Red Brick Road

The search for my American roots begins in Boston:
Beantown, Cradle of Liberty, City on a Hill, the Hub, the Walking City.
And we do, you know—walk, that is.

We walk to and from our homes and jobs, our baseball games and the library, the Hatch Shell and our neighborhood bars,
We walk from the South End to the North End—Ireland to Italy—
Marching our way through the land of the free and the home of the brave.

Green-blue fingers of winding water walk their way inland from Massachusetts Bay,
Pooling in marshes, feeding the Fen Gardens, swelling the land lush with muck and reeds—
Boston is not the Breadbasket but the Fertile Bog of America.

Her streets are framed with undulating red sidewalks, burping skyward from the marinating fill below,
A carpet of uneven cobblestones makes narrow streets into pocket parks where children frolic like in the movies,
Kicking cans and playing hide-and-seek, crouching behind corners and gurgling fountains as I stroll home from dinner, my heels echoing on the bricks like horse hooves.

Hundred-year-old trees bend over Worcester Street, their tops taller than the three-story brownstones they shade,
Housing all manner of birds—a host of sparrows, a murder of crows—
Who cheep and caw and spring from branch to branch, gamboling in the dappled sunlight overhead.

The breeze moistens everything with relentless humidity, lukewarm and sticky,
Leaving little wet kisses on my collarbones and the backs of my knees as honey bees dab in and out of the community gardens,
Vaulting in arcs over old stone walls, tapping gently at color and fragrance, trading sweetness for potency at every pause.

Just past nine, the sun lets off a final flare of strawberry gold—
Bursting bombs of solar firelight penetrate the tree canopy, staining my retinas with after-images;
Blotchy and black, I can’t discern between them and the depths of the surrounding leaves.

I climb fifteen steep stairs from the street and turn the key, throwing my body against the heavy outer door, swollen shut like a fresh shiner on a kid from Roxbury;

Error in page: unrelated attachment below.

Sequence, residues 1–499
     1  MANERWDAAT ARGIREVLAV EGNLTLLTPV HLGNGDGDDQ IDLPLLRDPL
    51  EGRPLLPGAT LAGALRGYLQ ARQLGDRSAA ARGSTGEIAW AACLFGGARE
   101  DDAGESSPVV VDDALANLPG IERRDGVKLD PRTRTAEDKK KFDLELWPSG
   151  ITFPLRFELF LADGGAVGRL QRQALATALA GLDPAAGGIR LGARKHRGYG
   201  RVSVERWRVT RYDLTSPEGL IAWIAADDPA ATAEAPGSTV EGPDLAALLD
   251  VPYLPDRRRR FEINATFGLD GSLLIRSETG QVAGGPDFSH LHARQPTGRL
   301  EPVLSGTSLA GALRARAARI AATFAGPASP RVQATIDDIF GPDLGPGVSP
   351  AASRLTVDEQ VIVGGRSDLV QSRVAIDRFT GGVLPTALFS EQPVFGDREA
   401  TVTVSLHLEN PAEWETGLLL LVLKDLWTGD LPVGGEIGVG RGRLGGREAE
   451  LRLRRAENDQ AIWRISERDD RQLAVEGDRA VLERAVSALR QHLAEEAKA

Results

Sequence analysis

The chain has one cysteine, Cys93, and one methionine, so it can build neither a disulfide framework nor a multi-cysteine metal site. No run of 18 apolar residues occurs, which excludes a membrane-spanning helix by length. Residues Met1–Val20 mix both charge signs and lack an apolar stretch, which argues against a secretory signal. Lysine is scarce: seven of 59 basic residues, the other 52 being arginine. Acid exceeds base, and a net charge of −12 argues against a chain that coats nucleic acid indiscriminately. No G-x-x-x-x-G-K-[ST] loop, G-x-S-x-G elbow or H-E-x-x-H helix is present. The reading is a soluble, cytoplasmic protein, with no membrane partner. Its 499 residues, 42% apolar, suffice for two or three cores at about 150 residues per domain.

When it closes behind me, I’m greeted by a call of welcome from Maya on the landing above.
I ascend the curling staircase of carpeted steps, running my hand along the polished wood as I travel up, up, up… the day’s walk is nearly done.

I step across Oriental rugs to collapse on the divan, resting back on the pert green velvet as Boston speaks to me,
Blurting bursts of jazz as the door opens and closes at Wally’s, whispering in the whoosh of taxis ferrying drunk students back to Cambridge,
Sputtering between silence and conversation as couples pause to kiss on the street below, embracing in the growing dark.

After midnight, I ascend the open staircase to my final destination: the yellow bedroom at the top of the house.
In Boston, there are no crickets to sing me to sleep, only rushes of air and police sirens punctuated by sporadic shouts and
The vague clattering of neighbors opening screen doors and pacing on terraces, smoking one last cigarette for the evening.

The twinkling lights of the Pru remind me that Boston never really sleeps, even if we do.
I lay back against the damp breeze wafting through the open window, peering through the skylight to wish the moon goodnight;
My feet and eyelids heavy as sandbags, my heart buoyant and bright.

2 thoughts on “Red Brick Road

  1. I’m really happy that you had a chance to stay in the neighborhood on the border of the Back Bay and South End. You can really see the old, historic Boston pulled into the modern world. It is a feeling that may be common in Europe, but it is quite unique here in the new world.

  2. Lovely piece! The only mention missing was one about the canolli (sp?) in the N. End….to die for, I guarantee.

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